Gaspar Coelho

From Wikipedia, the free encyclopedia
Jump to navigation Jump to search

Gaspar Coelho (c. 1529[1] – 1590[2]) was a Portuguese Jesuit missionary. He replaced Francisco Cabral as the Superior and Vice-Provincial of the Jesuit mission in Japan during the late 16th century, he is most noted for catalyzing the disfavor of Toyotomi Hideyoshi against the Jesuit mission in Japan in 1587.

Early life[edit]

Coelho was born in Porto, Portugal,[1] he joined the Society of Jesus in Goa in 1556, and only four years later, was chosen to accompany the Society's highest Asian official, Antonio de Quadros, on a tour of India.[1]

Work in Japan[edit]

Coelho first arrived in Japan around 1570, at the invitation of Francisco Cabral.[1] Coelho and Cabral pursued a strategy of attempting to convert Buddhists and destroy Buddhist infrastructure in Japan's Christian domains, such as the Ōmura Domain, where the Jesuits supported Ōmura Sumitada in his defeat of Saigō Sumitaka.[1] Coelho also ministered to the Arima clan, presiding over Arima Yoshisada's baptism in 1576.[3]

Coelho became Superior of the Japan mission in September 1581, and was left in charge of the mission following Alessandro Valignano's departure in February 1582.[3] Following his appointment as superior, Coelho commissioned the building of a fusta warship for the Jesuits in Nagasaki, financed by local Portuguese merchants and crewed by Japanese Christians.[4]

Coelho supported Arima Harunobu in a 1584 victory in Shimabara against Ryūzōji Takanobu, who had threatened to crucify Coelho and give the port of Nagasaki to the soldiers of the Ryūzōji army, he lobbied other Christian samurai, as well as Christians in the Spanish Philippines, to support the Arima against the Ryūzōji.[5]

Relationship with Toyotomi Hideyoshi[edit]

Toyotomi Hideyoshi unified Japan through a nine-year military campaign from 1582 to 1591.[6] Jesuit missionaries first arrived in Osaka, Hideyoshi's capital, in 1583, and Hideyoshi's court at Osaka Castle thereafter contained a number of Japanese Christians, including many women who became interested in the religion.[7]

Coelho visited Hideyoshi in Osaka in 1586. At this meeting, Hideyoshi asked Coelho to secure him two Portuguese ships for the invasion of Korea and China; Coelho not only agreed to the deal, but also suggested that the Society could acquire more troops from the Portuguese, and offered to rally Christian daimyo against the Shimazu clan;[8] this made Hideyoshi aware that Coelho may potentially create an axis of Christian domains with allegiance to a foreign religion.[9] Nevertheless, at the urging of his first wife, who had strong Christian sympathies, Hideyoshi issued permission letters to Coelho allowing Jesuit priests to reside freely in Japan; Hideyoshi also granted land near Osaka Castle to Coelho;[2] the permissions granted to Jesuits were superior to those granted to Buddhists at the time.[8]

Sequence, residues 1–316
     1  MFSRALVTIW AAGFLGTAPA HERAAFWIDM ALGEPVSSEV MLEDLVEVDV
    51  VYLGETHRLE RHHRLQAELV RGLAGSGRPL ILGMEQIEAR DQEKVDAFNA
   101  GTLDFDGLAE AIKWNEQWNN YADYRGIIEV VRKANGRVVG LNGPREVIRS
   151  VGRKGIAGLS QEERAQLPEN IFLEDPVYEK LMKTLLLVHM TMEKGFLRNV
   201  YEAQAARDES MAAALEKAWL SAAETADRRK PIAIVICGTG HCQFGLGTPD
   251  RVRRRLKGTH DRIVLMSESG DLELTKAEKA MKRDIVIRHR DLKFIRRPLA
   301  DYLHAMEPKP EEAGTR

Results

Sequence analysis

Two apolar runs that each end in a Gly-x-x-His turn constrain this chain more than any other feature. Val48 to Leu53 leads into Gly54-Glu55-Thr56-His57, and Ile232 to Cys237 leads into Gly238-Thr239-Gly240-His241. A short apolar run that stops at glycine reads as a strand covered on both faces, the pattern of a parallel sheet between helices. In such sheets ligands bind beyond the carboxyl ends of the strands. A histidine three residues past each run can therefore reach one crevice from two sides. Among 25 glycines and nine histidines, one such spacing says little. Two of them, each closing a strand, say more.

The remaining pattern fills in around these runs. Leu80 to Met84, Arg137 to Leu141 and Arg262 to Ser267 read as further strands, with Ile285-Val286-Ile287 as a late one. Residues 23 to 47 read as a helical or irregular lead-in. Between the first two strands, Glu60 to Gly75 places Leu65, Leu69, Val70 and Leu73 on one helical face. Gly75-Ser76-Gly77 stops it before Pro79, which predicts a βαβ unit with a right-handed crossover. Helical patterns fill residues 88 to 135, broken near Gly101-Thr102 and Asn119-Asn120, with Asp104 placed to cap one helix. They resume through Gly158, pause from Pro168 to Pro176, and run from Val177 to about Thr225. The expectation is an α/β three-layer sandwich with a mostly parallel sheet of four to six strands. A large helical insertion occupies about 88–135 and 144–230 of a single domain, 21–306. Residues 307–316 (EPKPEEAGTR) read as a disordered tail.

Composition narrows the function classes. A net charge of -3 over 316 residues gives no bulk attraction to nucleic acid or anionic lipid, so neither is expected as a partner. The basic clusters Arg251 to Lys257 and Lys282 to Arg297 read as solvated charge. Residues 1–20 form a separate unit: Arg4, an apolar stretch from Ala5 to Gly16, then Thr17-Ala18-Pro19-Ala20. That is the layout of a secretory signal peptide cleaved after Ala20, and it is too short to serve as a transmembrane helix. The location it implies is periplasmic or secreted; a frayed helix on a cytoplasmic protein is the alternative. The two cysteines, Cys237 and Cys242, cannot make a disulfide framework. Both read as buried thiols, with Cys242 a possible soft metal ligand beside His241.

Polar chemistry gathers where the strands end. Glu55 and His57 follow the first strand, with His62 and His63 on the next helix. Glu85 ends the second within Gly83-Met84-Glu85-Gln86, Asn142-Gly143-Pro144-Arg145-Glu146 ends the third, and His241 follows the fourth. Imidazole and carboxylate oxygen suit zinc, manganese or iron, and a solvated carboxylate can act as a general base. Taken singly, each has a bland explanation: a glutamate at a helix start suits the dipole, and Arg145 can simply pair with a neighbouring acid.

Hideyoshi visited in Hakata in July 1587 following his successful conquest of Kyushu, and Coelho entertained Hideyoshi aboard his ship. After consulting with some of his advisors, Hideyoshi had Coelho roused in the middle of the night and asked a series of questions concerning the intentions of the mission. Coelho responded as best he could, but the next morning Hideyoshi issued an edict ordering all Jesuits to leave Japan within twenty days. While they were ultimately given more time for the Great Ship to arrive, Hideyoshi proceeded to ban Christian symbols and ordered Japanese Christians to recant on pain of death. Coelho then unsuccessfully attempted to procure arms from Goa, Macau and Manila in order to arm the Christian lords against Hideyoshi.[8] Hideyoshi never enforced the edict as he was fearful of disrupting trade links with Portugal; Christianity re-emerged in his court in the 1590s.[9]

Coelho died in 1590.[2]

References[edit]

  1. ^ a b c d e Hesselink, Reinier H. (2015). The Dream of Christian Nagasaki: World Trade and the Clash of Cultures, 1560–1640. McFarland. pp. 62–64. ISBN 9781476624747.
  2. ^ a b c "Kirishitan History". www.stutler.cc. Retrieved 2018-10-22.
  3. ^ a b Hesselink, Reinier H. (2015). The Dream of Christian Nagasaki: World Trade and the Clash of Cultures, 1560–1640. McFarland. pp. 64–69. ISBN 9781476624747.
  4. ^ Hesselink, Reinier H. (2015). The Dream of Christian Nagasaki: World Trade and the Clash of Cultures, 1560–1640. McFarland. pp. 69–71. ISBN 9781476624747.
  5. ^ Hesselink, Reinier (2015). The Dream of Christian Nagasaki: World Trade and the Clash of Cultures, 1560–1640. McFarland. pp. 71–73. ISBN 9781476624747.
  6. ^ Turnbull, Stephen (2011). The Samurai and the Sacred: The Path of the Warrior. Bloomsbury Publishing. ISBN 9781849089944.
  7. ^ Kitagawa, Tomoko (2007). "The Conversion of Hideyoshi's Daughter Go". Japanese Journal of Religious Studies. 34/1: 9–25.
  8. ^ a b c "Hideyoshi and the Jesuits". press-files.anu.edu.au. Retrieved 2018-10-22.
  9. ^ a b de Bary, Wm. Theodore (2005). "Part IV: The Tokugawa Peace". Sources of Japanese Tradition: 1600 to 2000. Columbia University Press. p. 149. ISBN 9780231518123.